Geosynthetic clay liners (GCLs) have a tremendous record as hydraulic barriers in engineered lining and capping systems. Still, they are not necessarily well understood by the larger geotechnical design community. They require knowledge not only of geosynthetics but of sodium bentonite types, behavior, and suitability in certain applications. Dr. Craig Benson, Dean of the School of Engineering at the University of Virginia, is one of the most versed researchers in the world on GCLs and particularly in regards to bentonite and bentonite-polymer composites.
Last year, the University of Virginia partnered with international geosynthetics manufacturer Solmax to bring four, free, high-level hydraulic barriers educational webinars to the engineering community. The university also provides the PDH/CEU support for registrants. The series opened in August with the above presentation on GCL fundamentals. Webinar #2 was held in November. Both presentations are now available through the Solmax YouTube Channel.
Upcoming sessions include:
- Principles and Procedures for Evaluating GCL Chemical Compatibility– February 2021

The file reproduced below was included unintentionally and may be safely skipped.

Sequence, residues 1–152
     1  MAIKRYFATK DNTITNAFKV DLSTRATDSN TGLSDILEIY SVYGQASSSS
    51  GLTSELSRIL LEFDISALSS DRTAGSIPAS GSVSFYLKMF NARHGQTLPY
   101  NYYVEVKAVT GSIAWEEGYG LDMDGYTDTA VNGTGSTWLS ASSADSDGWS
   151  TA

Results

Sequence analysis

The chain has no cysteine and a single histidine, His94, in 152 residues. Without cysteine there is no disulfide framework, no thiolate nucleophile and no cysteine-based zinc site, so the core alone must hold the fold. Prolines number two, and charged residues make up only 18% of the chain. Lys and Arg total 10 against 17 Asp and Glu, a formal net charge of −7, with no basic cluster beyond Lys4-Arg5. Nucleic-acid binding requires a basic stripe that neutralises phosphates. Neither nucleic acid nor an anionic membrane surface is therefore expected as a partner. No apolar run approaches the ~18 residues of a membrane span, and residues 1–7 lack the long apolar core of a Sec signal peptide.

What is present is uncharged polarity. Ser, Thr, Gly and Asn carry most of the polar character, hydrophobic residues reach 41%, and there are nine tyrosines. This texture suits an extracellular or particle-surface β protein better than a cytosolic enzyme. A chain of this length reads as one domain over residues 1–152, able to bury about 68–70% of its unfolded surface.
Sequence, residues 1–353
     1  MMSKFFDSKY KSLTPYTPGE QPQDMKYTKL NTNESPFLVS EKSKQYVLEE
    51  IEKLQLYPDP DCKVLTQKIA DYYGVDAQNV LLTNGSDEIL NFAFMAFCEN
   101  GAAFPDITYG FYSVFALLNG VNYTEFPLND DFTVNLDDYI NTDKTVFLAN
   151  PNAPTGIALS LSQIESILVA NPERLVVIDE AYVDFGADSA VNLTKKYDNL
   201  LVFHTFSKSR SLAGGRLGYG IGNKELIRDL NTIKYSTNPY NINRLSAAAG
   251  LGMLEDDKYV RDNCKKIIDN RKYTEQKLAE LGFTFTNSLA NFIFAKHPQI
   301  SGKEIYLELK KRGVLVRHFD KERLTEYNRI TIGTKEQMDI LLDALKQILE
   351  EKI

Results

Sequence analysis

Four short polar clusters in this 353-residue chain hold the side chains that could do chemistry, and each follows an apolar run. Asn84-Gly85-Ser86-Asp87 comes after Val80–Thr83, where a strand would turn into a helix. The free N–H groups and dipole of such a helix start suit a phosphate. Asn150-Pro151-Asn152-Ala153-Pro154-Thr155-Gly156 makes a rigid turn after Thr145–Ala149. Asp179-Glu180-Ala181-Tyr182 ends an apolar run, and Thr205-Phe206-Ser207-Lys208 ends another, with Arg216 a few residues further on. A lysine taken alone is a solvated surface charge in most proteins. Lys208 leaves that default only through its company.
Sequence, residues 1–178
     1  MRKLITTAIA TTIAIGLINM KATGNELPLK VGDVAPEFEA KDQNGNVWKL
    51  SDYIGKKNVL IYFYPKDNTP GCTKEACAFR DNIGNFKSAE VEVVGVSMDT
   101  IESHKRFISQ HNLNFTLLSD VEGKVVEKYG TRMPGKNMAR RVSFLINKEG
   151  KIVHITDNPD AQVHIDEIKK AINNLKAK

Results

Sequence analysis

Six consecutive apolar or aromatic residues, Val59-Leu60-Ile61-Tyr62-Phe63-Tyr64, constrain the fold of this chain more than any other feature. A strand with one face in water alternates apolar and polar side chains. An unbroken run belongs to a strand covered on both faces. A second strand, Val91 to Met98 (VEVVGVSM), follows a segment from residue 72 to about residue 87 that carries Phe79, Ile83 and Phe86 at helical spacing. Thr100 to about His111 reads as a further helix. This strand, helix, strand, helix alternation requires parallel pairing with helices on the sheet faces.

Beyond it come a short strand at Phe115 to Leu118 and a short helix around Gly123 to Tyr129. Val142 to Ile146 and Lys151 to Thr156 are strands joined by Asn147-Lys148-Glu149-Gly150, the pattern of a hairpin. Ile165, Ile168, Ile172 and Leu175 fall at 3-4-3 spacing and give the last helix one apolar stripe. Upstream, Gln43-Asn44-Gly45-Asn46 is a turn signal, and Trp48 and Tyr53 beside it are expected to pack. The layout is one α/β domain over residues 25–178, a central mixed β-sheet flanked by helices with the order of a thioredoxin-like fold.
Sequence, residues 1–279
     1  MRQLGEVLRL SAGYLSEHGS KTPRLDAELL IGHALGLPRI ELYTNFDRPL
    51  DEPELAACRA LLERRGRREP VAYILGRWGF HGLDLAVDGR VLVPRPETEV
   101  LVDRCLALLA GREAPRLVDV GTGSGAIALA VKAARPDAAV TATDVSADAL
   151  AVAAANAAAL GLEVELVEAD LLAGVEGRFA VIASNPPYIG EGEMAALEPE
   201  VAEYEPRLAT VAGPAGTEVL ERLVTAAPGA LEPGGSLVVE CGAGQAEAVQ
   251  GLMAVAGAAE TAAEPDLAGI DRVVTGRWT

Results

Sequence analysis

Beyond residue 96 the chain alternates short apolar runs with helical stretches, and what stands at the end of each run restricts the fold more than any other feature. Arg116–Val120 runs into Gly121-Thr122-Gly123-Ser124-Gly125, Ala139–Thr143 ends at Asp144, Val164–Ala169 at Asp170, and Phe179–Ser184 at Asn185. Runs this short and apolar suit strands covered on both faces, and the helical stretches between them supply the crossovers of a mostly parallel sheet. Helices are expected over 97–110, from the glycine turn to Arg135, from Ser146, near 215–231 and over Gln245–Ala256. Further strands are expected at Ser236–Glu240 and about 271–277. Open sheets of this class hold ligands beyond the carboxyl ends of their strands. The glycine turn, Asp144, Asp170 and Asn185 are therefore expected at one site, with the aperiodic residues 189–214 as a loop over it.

- Practical Lessons Learned from GCL Case Histories– May 2021
GCLS AS HYDRAULIC BARRIERS
In the opening webinar, Benson introduces the fundamentals to GCL function and performance, including a description on the process by which bentonite transforms to a nearly impermeable gel when hydrated. That transition, the role of the montmorillonite fraction in the bentonite on swelling, and the resulting hydraulic conductivity sets the stage for the webinars that follow in the series.
The video above utilizes practical examples and relevant standards (e.g., ASTM) from the field. Freeze-thaw and wet-dry cycling are discussed too.
The overall education series from Dr. Benson gives participants numerous tools to support their work in waste management, coal ash, mining, construction, environmental protection, and other critical infrastructure projects. Benson’s series is particularly notable for its strong focus on chemical compatibility and GCL use in “aggressive conditions.”